G7 summit live news: Ukraine casts shadow over Hiroshima meeting

Japan is hosting the G7 Summit in Hiroshima, the hometown of Prime Minister Fumio Kishida, from May 19 -21, welcoming leaders from Canada, France, Germany, Italy, the United Kingdom, and the United States. The European Union is also a “non-enumerated member”.
The event began on Friday morning with Kishida welcoming the visiting leaders and officials at the Hiroshima Peace Memorial Park where they laid wreaths for the thousands of people who were killed when the United States dropped an atomic bomb on the city in 1945.G7 agrees on new sanctions to ‘starve Russia’s war machine’
Leaders from the Group of Seven nations agreed to new sanctions they said would “starve Russia of G7 technology, industrial equipment and services that support its war machine”.

The measures, announced at the summit in Hiroshima, include restrictions on exports of items “critical to Russia on the battlefield”, as well as ones targeting entities accused of moving material to the front for Moscow.Hiroshima survivors warn G7 leaders about using nuclear bombs
“It looked like a bright orange light, like the first sunrise of the year,” says Sadae Kasaoka, remembering the moment when the first nuclear bomb to ever be used was dropped by the United States on the Japanese city of Hiroshima.

Now 90, she was 12 years old that August day at the tail end of World War II, but she still remembers it vividly.

Sadae was home alone with her grandmother. When the blast hit, she was pushed against the wall by the massive force of the explosion and covered in broken glass. The two then fled into an air raid shelter for safety.UK announces new Russia sanctions, including diamond ban
Britain unveiled new sanctions against Russia targeting imports of diamonds, minerals, and advanced military technology in a bid to choke Moscow’s ability to fund the war in Ukraine.

UK Prime Minister Rishi Sunak told Sky News his “straightforward” message for Russian President Vladimir Putin was: “We’re not going away.”

Russia’s diamond trade is estimated to be worth $4bn to $5bn a year, netting the Kremlin much-needed tax revenues.

“One of the topics of conversation I’ll be having and have been having with my fellow leaders is about the longer term security agreements … for Ukraine to deter future Russian aggression,” Sunak said.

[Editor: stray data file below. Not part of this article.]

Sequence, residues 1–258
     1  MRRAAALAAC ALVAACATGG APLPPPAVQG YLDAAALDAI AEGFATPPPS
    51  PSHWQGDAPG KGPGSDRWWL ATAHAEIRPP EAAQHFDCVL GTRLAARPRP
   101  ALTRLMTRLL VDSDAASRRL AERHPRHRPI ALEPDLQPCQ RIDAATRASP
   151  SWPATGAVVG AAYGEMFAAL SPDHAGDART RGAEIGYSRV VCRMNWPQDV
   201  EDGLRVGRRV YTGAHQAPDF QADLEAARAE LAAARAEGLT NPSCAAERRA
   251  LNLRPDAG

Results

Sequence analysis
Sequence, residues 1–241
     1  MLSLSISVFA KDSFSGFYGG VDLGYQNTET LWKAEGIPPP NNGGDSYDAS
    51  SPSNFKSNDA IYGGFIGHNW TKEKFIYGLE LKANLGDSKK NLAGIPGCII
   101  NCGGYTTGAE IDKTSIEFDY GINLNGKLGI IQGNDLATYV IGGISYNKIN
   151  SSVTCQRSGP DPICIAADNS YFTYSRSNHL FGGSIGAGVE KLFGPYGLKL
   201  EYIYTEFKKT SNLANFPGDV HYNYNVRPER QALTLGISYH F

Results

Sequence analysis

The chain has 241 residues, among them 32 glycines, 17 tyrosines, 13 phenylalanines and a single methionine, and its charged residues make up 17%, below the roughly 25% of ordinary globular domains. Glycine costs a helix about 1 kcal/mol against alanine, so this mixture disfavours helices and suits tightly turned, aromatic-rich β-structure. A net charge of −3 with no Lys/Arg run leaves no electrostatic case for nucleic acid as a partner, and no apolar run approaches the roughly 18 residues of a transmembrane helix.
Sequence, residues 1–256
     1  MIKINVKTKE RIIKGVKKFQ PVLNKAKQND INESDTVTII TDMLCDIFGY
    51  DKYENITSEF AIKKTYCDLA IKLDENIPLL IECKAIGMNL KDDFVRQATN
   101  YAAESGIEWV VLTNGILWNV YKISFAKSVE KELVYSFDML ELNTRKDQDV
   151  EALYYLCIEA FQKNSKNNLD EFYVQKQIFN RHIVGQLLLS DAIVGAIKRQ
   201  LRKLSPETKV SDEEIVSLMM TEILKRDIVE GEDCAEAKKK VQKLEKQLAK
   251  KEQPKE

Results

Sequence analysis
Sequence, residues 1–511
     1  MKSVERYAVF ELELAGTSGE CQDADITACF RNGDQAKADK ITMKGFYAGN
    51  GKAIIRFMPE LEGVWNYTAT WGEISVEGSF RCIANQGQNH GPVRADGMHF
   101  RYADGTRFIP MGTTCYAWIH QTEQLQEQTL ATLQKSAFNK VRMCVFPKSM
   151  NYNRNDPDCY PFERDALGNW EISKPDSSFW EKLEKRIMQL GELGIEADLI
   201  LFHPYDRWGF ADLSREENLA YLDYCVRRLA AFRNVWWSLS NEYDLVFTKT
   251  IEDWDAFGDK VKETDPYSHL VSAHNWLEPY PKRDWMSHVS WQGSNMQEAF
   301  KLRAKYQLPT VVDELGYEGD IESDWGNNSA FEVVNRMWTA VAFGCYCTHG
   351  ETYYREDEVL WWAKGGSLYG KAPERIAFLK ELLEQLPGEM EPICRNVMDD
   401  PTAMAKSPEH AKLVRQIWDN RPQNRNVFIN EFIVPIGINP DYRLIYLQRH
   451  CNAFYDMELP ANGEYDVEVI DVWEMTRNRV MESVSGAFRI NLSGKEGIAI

The G7 as a whole is expected to work to tighten existing sanctions, close loopholes, squeeze Moscow’s access to the international financial system, and commit to keeping Russian assets frozen until the end of the war in Ukraine.

Hiroshima attack survivor questions nuclear disarmament push
Japanese Prime Minister Fumio Kishida, who represents Hiroshima in parliament, wants nuclear disarmament to be a major focus of G7 discussions.

The visit by world leaders to Hiroshima’s Peace Memorial Park – dedicated to preserving reminders of August 6, 1945, when a US B-29 dropped an atomic bomb over the city – provided a striking backdrop to the start of the summit. An estimated 140,000 people were killed in the attack, and a fast-dwindling number of now-elderly survivors have ensured that Hiroshima has become synonymous with anti-nuclear peace efforts.

“Honestly, I have big doubts if Mr Kishida, who is pursuing a military buildup and seeking to revise the pacifist constitution, can really discuss nuclear disarmament,” said Sueichi Kido, an 83-year-old “hibakusha”, or survivor, of the Nagasaki explosion. “But because they are meeting in Hiroshima I do have a sliver of hope that they will have positive talks and make a tiny step toward nuclear disarmament.”ICRC, Japanese Red Cross urge G7 members to sign Treaty on the Prohibition of Nuclear Weapons
The International Committee of the Red Cross (ICRC) and Japanese Red Cross are urging the members of the G7 to sign the Treaty on the Prohibition of Nuclear Weapons.

On Friday morning, G7 leaders paid their respects at the memorial to those killed as a result of the bombing of Hiroshima.

Medical and humanitarian workers from the ICRC and Japanese Red Cross were among those who tried to help the dying and injured after the bomb was dropped in 1945, in what the organisation described as “near impossible” conditions.

“For the sake of the survival of humanity, we must free the world of weapons that threaten catastrophic humanitarian consequences and irreversible harm,” the two organisations said in a joint statement. “We cannot allow a repetition of this dark part of our past; we owe it to the survivors – the hibakusha – to ensure that the horrors they suffered are never repeated.”

Around the world, some 68 states have ratified the treaty, and 27 more have signed it. No G7 members have done so.

Ukraine leader’s ‘physical presence crucial’ at G7
Ukraine President Volodymyr Zelenskyy will join the Group of Seven summit in person on Sunday, a top official confirmed.

Zelenskyy will be making his furthest trip from of his war-torn country as leaders are set to unveil new sanctions on Russia for its invasion.

Oleksiy Danilov, secretary of Ukraine’s National Security and Defense Council, confirmed on national television that Zelenskyy would attend the summit.

“We were sure that our president would be where Ukraine needed him, in any part of the world, to solve the issue of stability of our country,” Danilov said. “There will be very important matters decided there, so physical presence is a crucial thing to defend our interests”.

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